Should Future People Pay for our Illegitimate Use of Freedoms: Intergenerational justice and climate change?
Crabtree, Andrew (2016). 'Should Future People Pay for our Illegitimate Use of Freedoms: Intergenerational justice and climate change?' Paper presented at the annual conference of the HDCA, Tokyo 2016.
Development, Sen has argued, is to be understood as a process of increasing the freedoms we have to live the lives we value. Yet Sen has little to say about the consequences of our functionings (doings and beings) and corresponding responsibilities – issues that loom large in the sustainability and climate change debates. This paper is in the spirit of Tim Mulgan’s Ethics for a Broken World in that it asks us to imagine future philosophers’ reflections on contemporary philosophical arguments and positions (Mulgan does not take the capability approach into consideration).
It outlines commonly argued positions held by contemporary philosophers, governments and NGOs that as developed countries (Annex I) are largely historically responsible for CO2 emissions they should pay the large part for mitigation, adaption and climate change loss and damage (as is also embodied in international environmental law’s polluter pays principle and the principle of Common but Differentiated Responsibilities). This argument seems to be ruled out by the capabilities approach unless we accept collective capabilities. If the capabilities approach takes the view that only individuals are responsible for actions, then the argument that contemporary generations responsibility for the consequences of climate change is small as most emissions took place before our existence. If we take the view that there are collective capabilities and collective responsibilities, then the arguments that countries of high human development seems to bare more weight. If we accept the argument that we should take responsibility for previous generations living the lives they value, the question arises as to how much forward in time the responsibilities should continue or, in other words, should future generations pay for our and previous generations’ doings and beings?
After outlining the current debates, the paper seeks to answer this question via a thought experiment in which we imagine a group of future philosophers (100 years from now) coming together to achieve not just an overlapping consensus (Rawls, Nussbaum) or an agreement on justice based on generally accepted criteria (Sen) but, from a Scanlonian contractualist standpoint, arrive at principles that cannot be reasonable rejected (i.e. they all have a veto right).
The philosophers come from different cultural, social, economic, political, geographical backgrounds and have different comprehensive views of the world. The represent the different situations in the changed world. Some of the predictions about global warming had come true. The number of extreme weather events had increased affecting both rich (including Japan) and poor countries such as Bangladesh. Some low lying states have disappeared. Biodiversity has decreased and water resources are limited in may parts of the world from Africa to California. There is greater pressure on food sources. There has been a big increase in urbanisation and there is more migration and greater incidence of diseases. But there were also some positive outcomes: new technology had supplanted indoor fires for cooking reducing carbon emissions and increasing people’s health and longevity. The change to a post-oil economy had reduced greenhouse gas emissions, increased the income (and welfare spending) of renewable energy exporting countries, however the transformation has reduced the income and welfare spending in others such as Norway (no longer a highly developed country).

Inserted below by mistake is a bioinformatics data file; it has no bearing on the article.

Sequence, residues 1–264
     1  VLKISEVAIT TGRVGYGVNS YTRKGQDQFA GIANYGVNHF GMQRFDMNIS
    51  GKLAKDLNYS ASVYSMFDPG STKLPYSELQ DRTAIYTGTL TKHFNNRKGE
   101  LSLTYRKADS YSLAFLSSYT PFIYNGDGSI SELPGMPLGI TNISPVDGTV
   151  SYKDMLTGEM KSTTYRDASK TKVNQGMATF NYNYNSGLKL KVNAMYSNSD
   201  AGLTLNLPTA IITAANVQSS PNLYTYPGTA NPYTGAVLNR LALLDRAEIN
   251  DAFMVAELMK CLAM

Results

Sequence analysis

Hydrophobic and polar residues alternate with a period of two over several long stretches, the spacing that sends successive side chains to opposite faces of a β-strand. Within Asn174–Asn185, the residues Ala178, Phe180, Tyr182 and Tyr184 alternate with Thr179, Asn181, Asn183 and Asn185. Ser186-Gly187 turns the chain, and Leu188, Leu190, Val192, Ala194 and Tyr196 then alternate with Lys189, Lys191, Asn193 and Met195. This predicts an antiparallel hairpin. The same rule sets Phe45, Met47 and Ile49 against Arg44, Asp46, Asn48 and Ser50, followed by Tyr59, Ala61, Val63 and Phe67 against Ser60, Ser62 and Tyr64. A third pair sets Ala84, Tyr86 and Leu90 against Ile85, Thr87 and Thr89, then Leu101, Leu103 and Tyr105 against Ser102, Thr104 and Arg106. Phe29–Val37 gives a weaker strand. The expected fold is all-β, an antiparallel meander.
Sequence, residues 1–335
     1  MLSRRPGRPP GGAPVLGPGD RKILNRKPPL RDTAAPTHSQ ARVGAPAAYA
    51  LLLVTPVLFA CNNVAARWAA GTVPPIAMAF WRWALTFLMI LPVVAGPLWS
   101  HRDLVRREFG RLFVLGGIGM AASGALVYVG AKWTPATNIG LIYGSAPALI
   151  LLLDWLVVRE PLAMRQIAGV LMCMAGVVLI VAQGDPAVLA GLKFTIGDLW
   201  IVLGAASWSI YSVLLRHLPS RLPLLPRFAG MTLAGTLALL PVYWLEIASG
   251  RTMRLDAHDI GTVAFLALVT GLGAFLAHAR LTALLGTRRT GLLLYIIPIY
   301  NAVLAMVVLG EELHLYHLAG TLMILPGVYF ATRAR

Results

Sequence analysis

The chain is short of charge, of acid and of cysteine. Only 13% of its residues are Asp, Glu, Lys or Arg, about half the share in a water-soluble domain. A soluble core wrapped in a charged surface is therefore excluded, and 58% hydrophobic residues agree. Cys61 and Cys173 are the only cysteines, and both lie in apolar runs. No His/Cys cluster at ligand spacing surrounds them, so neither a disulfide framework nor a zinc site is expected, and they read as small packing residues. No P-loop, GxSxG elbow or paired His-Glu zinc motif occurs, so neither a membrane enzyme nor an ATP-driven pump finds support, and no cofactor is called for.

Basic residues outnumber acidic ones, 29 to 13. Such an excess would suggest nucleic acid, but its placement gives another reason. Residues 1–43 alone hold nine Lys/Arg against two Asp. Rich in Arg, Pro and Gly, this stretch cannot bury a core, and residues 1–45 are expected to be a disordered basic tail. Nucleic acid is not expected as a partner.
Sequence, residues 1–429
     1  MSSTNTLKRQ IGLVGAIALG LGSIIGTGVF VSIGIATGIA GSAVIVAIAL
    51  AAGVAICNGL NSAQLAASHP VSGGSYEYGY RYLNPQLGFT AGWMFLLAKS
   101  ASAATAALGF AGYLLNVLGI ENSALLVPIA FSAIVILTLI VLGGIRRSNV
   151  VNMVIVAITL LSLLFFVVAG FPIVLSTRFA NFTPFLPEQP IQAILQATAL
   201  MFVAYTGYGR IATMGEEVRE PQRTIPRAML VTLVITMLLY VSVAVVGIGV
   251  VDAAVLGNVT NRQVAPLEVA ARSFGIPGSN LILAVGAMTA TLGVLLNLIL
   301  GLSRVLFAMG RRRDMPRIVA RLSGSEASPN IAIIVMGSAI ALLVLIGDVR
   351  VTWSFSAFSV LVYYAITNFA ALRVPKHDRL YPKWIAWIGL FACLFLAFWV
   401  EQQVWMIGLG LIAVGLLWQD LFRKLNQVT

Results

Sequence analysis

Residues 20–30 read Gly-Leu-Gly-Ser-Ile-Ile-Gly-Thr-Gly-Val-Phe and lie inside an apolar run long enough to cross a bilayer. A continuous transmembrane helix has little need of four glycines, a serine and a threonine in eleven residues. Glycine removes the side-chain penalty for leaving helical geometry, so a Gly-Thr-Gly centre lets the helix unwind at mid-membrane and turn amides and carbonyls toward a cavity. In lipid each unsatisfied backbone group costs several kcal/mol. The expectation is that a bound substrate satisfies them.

India had become the most populous country and although its per capita emissions remained low, it is one of the largest emitters (due to agriculture) along with China, Brazil and Indonesia. Some countries no longer existed either because they have been submerged (as is Miami) or because they had broken up (such as the UK, Spain, and the Ukraine). The paper will provide copious empirical material (not just from the IPCC) to support the plausibility of the scenario.
The paper will argue that future generations can reasonably reject a principle requiring them to pay for our and past generations’ leading the lives we or they value or valued. Firstly, given the diversity of changes in the world, causal relations between CO2 emissions and climate change consequences are difficult to establish and therefore any causal theory of responsibility is difficult to maintain (and hence the polluter pays principle and the Principle of Common but Differentiated Responsibilities). Secondly, historical responsibility will be difficult to establish as borders change and as people are displaced across borders. Thirdly, those in rich countries who suffer harms due to extreme weather events or are internally displaced (for example due to the disappearance of Miami) will have good reason to reject principles demanding payment for for our doings and beings. Furthermore, Annex I countries like Norway and Scotland will reject principles requiring them to pay as they has suffered from the transformation to a non-oil economy. Furthermore, there will be new claims on India to take more responsibility as its share of greenhouse gases will become even larger despite its per capita emissions remaining low (as a result of population growth).
It will also be argued that a principle requiring mitigation efforts cannot be reasonably rejected as we always have the responsibility to stop something bad from happening unless those efforts lead to similar or greater burdens (drawing on Sen’s discussion of Kantian perfect and Imperfect obligations). Other concerns should draw on humanitarian principles demanding a greater role for climate change aid.